MPT’s care for its employees helps them enjoy life away from the office too, where most do volunteer work with area nonprofits or other worthy causes. MPT helps by giving a paid-time-off day each year for employees to devote to the charitable organization of their choice. “We have really good people with really good values, and they really care about the community,” says Tom Schultz, MPT director of healthcare and a member of the MPT Charity Committee. “There’s a culture and attitude of giving here, and it goes from the top down.”
Schultz points to MPT COO Emmett E. McLean’s heavy involvement with charitable work in Birmingham. In turn, McLean recounts the instance when Aldag upped a planned and already sizable contribution to the Kiwanis Club because he wanted to provide leadership in the community to champion the organization’s worthy cause.
Following Aldag’s lead, the MPT Charity Committee awards funds in large and small amounts to worthy groups in Birmingham and in far-flung places. In Chad, for instance, a new well provides a community with clean drinking water, thanks to a $6,000 gift MPT made to a nonprofit called Neverthirst. Closer to home, MPT committed to fund $3.5 million over three years to help build a hospital in rural Alabama without which residents in the surrounding communities would go without hospital healthcare. The company has made a similar commitment to the University of Alabama at Birmingham (UAB).
The spirit of giving at MPT overflows to individual contributions of time and talent. “You’d be hard-pressed to find someone at MPT who doesn’t do volunteer work of some type in our community,” says Schultz.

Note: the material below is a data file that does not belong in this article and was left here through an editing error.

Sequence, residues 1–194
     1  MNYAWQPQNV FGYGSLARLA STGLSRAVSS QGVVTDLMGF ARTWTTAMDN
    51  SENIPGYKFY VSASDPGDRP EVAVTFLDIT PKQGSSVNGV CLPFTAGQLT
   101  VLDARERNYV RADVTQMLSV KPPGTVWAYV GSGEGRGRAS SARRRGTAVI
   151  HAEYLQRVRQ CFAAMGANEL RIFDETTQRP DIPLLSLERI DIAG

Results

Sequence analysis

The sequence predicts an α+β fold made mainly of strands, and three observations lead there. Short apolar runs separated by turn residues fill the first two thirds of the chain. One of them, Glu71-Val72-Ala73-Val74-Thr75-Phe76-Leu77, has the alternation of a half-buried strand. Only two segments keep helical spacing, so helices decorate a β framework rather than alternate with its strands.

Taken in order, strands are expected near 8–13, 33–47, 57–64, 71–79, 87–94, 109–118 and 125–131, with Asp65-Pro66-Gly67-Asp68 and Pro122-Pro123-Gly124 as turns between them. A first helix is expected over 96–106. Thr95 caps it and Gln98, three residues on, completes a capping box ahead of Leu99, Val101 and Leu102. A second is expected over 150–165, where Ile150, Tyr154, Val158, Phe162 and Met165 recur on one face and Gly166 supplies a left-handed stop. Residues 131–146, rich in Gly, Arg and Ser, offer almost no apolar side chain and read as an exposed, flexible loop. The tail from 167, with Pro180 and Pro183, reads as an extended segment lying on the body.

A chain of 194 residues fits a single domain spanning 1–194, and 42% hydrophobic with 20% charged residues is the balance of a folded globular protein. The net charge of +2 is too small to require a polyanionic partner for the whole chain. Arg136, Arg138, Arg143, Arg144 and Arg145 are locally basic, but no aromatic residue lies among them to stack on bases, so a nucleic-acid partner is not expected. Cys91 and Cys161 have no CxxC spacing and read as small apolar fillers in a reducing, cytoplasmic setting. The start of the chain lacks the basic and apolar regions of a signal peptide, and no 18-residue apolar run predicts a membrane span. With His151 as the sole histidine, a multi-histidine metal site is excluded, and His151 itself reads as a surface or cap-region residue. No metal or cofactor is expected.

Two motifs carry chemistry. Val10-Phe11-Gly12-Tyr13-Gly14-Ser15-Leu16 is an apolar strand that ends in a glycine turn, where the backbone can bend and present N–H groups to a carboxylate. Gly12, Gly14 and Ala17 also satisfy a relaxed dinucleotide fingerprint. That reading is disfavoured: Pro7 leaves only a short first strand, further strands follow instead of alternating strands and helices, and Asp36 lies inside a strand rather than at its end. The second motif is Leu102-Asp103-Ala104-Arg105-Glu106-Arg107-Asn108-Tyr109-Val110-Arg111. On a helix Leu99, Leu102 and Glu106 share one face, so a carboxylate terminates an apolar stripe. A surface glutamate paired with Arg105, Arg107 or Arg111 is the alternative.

The company prides itself on supporting a broad spectrum of Birmingham-based institutions and organizations—from Children’s of Alabama and the respected research hospital at UAB to educational groups like the Jones Valley Teaching Farm, which offers a food-based, hands-on curriculum to 4,500 public school students to enrich their understanding of food, farming and the culinary arts. “What they’re really doing is changing kids’ lives,” McLean says. “They’re providing after-school internships, career path opportunities and even college scholarships.”
“It’s proven if you can get in the school and do things for children, then it’s going to impact their health forever,” adds Alison Schmidt, MPT managing director, Financial Planning and a member of the Charity Committee.
Schmidt’s also on the board of The Bell Center, which offers early intervention for children up to age 3 who have a range of diagnoses and special needs. “It’s really, really unique. There are not very many places in the country that do what they do. The results that they have achieved are just magnificent,” Schmidt says. She’s proud that MPT helped fund a new facility for the center so it can better serve the 105 children in its program. In addition to a substantial capital gift toward construction costs of the new building, MPT made a $15,000 commitment to the center’s operating budget in 2019 and funded its annual $3,000 scholarship for one child to attend the program.